⋆⋆⋆ ½ out of four stars
Unrated: In subtitled French and Lingala.
Theater: St. Anthony Main.
The child-soldier drama “War Witch” is a haunting take on unspeakably grim subject matter, shot on location in the Democratic Republic of Congo. We meet pregnant 14-year-old Komona (Rachel Mwanza) telling her unbelievable life story to her unborn child. Kidnapped by a rebel militia at 12, she is made to kill her own parents with a machine gun to spare them a slow, painful death by the insurgents’ machetes. Forced into military service at an age when most girls are still playing with dolls, she endures months of brutal indoctrination, combat training and forced labor. When a vision saves her from harm during a firefight, militia leader Great Tiger dubs Komona “War Witch” and grants her protected status. Canadian director Kim Nguyen works wonders with his mostly nonprofessional cast, crafting a romantic interlude with Komona’s comrade-in-arms, Magician (Serge Kanyinda), that never feels forced. Her pregnancy takes Komona out of battle, but into a new round of struggles in a desperately poor nation where occasional nuggets of simple kindness are the most precious natural resource of all.
⋆⋆ ½ out of four stars
Rated: PG-13 for some sexual material, thematic elements and smoking. In subtitled German.
Christian Petzold’s slow-simmering 1980s political drama features Nina Hoss as the title character, a steely East Berlin physician banished to a small rural hospital for requesting an exit visa to the West. The film richly evokes the paranoid atmosphere of an authoritarian surveillance state. Every interaction is guarded, betrayal lurks around each corner, and every citizen justifiably fears spies are watching. Barbara shuns the clinic’s amiable, bearlike chief physician, Andre (Ronald Zehrfeld), because he might be working with the secret police. In fact she cuts herself off from most casual human contact, opening up only with her West German lover, Jörg (Mark Waschke). Alas, Hoss’ repressed character is not a very engaging camera subject. When a pregnant runaway needs their care, Barbara and Andre must reach across the wall separating them, and Barbara ponders the possibility of finding a fulfilling life in a repressive state. The effect of all this internalized anxiety, wan northern light, dreary dwellings and too-empty public cobblestone squares is oppressive. Though the film runs a mere 105 minutes, it weighs on viewers like an eternity.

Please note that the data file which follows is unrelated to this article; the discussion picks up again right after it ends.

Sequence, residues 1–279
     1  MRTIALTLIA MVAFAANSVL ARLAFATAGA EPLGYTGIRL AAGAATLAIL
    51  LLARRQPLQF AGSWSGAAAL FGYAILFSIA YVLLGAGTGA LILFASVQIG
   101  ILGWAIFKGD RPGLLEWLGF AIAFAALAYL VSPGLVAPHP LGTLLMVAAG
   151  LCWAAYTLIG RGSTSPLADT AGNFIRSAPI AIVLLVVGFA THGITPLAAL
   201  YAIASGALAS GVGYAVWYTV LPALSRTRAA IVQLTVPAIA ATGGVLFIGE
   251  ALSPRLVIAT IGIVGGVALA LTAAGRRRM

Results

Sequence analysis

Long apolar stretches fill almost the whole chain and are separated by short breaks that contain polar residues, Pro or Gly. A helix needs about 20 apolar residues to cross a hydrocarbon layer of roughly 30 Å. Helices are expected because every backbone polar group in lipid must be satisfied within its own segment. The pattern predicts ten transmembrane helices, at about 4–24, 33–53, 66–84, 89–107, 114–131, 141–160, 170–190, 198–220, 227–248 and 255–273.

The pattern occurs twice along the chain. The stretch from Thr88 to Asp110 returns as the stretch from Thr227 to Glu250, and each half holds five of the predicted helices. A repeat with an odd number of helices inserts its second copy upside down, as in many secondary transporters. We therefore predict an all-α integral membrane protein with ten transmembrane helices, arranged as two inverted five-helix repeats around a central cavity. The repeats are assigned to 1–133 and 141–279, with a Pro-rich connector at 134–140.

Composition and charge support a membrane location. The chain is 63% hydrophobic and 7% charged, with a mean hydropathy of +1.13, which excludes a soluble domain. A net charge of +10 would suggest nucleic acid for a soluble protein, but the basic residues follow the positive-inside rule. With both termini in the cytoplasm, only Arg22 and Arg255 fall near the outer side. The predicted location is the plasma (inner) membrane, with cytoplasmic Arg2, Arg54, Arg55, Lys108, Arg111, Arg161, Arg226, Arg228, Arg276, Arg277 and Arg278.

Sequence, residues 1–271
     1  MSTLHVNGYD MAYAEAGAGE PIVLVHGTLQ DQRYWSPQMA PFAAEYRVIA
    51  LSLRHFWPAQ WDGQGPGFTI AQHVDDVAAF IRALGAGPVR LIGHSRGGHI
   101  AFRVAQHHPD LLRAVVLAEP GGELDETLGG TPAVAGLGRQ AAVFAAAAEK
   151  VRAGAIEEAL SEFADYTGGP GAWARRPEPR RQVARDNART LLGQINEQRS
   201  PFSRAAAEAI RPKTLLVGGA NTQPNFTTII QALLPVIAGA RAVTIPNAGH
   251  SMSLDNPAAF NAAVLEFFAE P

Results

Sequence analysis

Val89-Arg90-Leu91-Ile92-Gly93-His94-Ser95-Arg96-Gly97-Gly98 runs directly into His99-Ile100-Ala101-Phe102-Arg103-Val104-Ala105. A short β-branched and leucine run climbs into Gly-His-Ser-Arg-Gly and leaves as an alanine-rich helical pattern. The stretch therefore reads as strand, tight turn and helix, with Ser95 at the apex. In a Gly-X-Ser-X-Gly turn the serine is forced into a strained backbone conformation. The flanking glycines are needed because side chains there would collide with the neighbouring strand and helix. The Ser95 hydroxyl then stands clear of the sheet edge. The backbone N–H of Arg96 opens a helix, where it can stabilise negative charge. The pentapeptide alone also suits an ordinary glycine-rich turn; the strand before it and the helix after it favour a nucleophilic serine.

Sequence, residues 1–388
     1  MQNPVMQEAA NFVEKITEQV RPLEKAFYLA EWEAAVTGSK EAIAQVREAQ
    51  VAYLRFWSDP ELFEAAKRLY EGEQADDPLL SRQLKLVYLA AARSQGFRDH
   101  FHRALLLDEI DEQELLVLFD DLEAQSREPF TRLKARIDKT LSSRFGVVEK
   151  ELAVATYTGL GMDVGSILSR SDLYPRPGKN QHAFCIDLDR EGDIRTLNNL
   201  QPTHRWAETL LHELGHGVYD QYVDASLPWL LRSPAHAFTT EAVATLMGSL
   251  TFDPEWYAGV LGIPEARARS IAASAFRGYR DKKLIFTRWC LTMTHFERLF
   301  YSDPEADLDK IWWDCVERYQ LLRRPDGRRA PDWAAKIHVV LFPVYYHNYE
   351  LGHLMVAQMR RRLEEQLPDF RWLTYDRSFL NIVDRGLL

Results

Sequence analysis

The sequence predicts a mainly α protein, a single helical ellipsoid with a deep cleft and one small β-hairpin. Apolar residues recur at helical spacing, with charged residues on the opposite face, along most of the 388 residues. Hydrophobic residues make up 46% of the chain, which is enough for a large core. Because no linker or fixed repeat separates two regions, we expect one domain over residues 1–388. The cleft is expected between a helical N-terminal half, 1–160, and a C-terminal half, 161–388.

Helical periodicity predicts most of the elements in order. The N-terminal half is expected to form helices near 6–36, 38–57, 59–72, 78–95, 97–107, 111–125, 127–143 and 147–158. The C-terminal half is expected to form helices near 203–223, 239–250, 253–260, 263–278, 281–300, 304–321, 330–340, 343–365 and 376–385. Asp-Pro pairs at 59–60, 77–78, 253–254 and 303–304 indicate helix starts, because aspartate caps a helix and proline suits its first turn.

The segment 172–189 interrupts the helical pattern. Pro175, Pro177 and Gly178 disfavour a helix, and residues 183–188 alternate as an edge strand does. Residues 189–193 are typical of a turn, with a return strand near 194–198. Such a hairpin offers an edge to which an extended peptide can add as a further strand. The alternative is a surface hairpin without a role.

THE WAITING ROOM
⋆⋆⋆ out of four stars
Peter Nicks’ documentary is a fly-on-the-wall view of controlled chaos in the emergency room of Highland Hospital in Oakland, Calif. It’s an understaffed, underfunded facility that’s overcrowded by underinsured patients, a war zone minus the shooting. What lifts his film beyond the parade of traumas we’ve seen on countless TV medical dramas is the focus on how shrinking resources turn patient care into a logistical nightmare of musical beds, premature discharges and patients lost in the shuffle. The staff works heroically to deal with the influx of families lacking proper primary care, but a steady stream of violence victims flows in like a riptide. It’s a vivid portrait of the crisis in health care policy, with the caregivers and clinic itself as much on life support as the sick people.